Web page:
Parachute Color

The traditional story regarding the parachute rig Cooper used in the hijacking was that he got an old Navy NB-6 container and harness with a 28-foot round canopy, and that the canopy was white. Over the years the details have changed depending on who and when the details were being discussed. Most recently, evidence was found by Cooper researcher Bruce Smith that Cooper likely used a Pioneer Parachute owned by an acrobatic pilot named Norman Hayden. Confusion over the ownership, type and color of the parachute used by Cooper is now an open question, at least until the FBI releases their complete files on the case, and even this may not help us learn whether, in the confusion on the night of the hijacking, the true color of the parachute was recorded. (In fact, opening the parachute container would have been both difficult for an amatuer and dangerous, as an improperly packed parachute can kill.)

Gunther, from Clara, describes the parachute as a multi-colored parachute with bright red and yellow panels. A quick Google image search for “Pioneer parachute” did return a vintage photo of a round canopy of black, red and yellow, so the color scheme itself is plausible. Clara might not have seen the complete parachute before it was destroyed either, so it’s possible there were more than two colors. Or, it could be a false recollection, or a Gunther fabrication. Who knows? The point here is not whether we can come to a definitive conclusion, the question is whether we need to answer every little contradiction or fuzzy detail with a complete explanation.

The answer to that question is, basically, no we don’t. What we have here is eyewitness testimony given over a decade after the events unfolded. And the testimony is incomplete because our witness, Clara, wasn’t on the plane. What she knows of the hijacking and how Dan LeClair planned it is all hearsay. Even events she witnessed could have been tainted by later facts, for instance, her belief Dan LeClair was a meticulous planner who would never have left something up to chance.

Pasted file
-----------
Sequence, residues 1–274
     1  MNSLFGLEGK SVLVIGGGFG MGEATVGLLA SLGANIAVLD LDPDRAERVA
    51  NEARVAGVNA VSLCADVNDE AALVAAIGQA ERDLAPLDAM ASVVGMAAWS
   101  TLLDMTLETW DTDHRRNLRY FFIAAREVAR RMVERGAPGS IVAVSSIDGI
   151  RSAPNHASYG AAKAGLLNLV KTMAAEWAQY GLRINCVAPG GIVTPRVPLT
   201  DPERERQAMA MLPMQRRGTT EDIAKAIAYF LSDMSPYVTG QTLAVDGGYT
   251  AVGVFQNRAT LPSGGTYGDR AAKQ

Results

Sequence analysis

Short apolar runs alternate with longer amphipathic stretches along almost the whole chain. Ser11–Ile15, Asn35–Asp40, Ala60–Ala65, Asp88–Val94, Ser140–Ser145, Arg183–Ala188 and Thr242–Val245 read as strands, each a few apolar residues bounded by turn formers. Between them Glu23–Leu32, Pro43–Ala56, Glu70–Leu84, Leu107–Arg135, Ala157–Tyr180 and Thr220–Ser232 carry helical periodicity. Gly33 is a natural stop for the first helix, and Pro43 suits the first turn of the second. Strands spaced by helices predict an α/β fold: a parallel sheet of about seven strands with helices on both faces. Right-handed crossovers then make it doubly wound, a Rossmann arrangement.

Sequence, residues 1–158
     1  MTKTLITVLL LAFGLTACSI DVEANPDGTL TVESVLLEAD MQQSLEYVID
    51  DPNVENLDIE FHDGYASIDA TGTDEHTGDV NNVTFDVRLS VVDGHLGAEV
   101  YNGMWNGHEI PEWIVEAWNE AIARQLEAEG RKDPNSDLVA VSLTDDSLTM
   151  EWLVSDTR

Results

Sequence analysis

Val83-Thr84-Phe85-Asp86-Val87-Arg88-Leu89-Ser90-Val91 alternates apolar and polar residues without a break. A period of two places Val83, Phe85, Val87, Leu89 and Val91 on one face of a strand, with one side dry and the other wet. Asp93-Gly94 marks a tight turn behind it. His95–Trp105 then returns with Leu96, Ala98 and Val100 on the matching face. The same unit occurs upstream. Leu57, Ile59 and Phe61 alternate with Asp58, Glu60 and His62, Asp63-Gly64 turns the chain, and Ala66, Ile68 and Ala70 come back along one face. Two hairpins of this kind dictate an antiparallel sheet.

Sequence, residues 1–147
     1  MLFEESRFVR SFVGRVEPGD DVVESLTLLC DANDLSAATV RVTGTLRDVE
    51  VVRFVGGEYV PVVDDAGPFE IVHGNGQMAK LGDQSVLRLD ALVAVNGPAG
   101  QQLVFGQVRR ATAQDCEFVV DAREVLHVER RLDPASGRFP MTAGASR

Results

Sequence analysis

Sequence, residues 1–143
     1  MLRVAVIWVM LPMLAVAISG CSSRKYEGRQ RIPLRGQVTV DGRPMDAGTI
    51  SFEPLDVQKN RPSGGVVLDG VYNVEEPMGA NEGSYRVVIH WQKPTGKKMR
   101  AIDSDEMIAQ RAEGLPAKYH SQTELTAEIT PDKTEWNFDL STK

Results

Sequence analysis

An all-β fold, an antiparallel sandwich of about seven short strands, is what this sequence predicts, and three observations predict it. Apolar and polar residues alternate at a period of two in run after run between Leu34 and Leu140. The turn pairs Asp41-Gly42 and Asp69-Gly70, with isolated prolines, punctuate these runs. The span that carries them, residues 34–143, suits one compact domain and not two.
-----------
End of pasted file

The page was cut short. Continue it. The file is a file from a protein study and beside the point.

We also must remember the book is much more than just the story Clara told Max Gunther. Gunther did his own research including dozens of interviews with many of the principals in the case. He talked to several FBI agents, and had more than one interaction with Himmelsbach. Skipp Porteous talked to Himmelsbach about Max Gunther and relayed this exchange through his book “Into the Blast”:

*When I asked his opinion on Max Gunther’s book, Himmelsbach said he didn’t like Gunther and knew all about the book. He pointed out that Gunther claimed someone named ‘Clara’ talked to him and provided him with all the details about Cooper. Himmelsbach says that Gunther later changed his story to match the facts.

Porteous, Skipp; Robert Blevins (2011-01-06). Into The Blast – The True Story of D.B. Cooper – Revised Edition (Kindle Locations 1043-1045). Adventure Books of Seattle. Kindle Edition.*

Simply put, this book is a complex document. It is not just the eyewitness testimony of a single individual. It is very likely the story Gunther got from Clara was incomplete, and he was trying to fill in the gaps he knew his audience would expect from such an exposé. Gunther was a journalist, he was comfortable doing interviews and research. If you read through the book, you’ll note he almost always references sources in the text. Once you start looking for them, you can source almost the entire book, and he even hints at when he’s just guessing.

Thanks to Gunther’s habit, we can look at the chapter with the most factual errors, chapter two, and source the problem: The FBI. Gunther talked to several agents in addition to Himmelsbach, and it appears many of the factual errors were intentional misinformation, most prominently the fictional conversation between Cooper and Captain Scott. Providing false information would be one way to test the veracity of this story, however by this time Clara had most likely broken off contact with Gunther and she would not have been able to correct the misinformation anyway.

If you’re looking for a reason not to believe Gunther’s story, you will find it. This was my conclusion when first reading through the text, until the point when Gunther revealed LeClair’s profession. This fact, which represented the only time after-the-fact forensic evidence confirmed a DB Cooper confession, required a deeper look into the text. It is my belief, despite the aforementioned issues, that the Gunther hypothesis still holds true.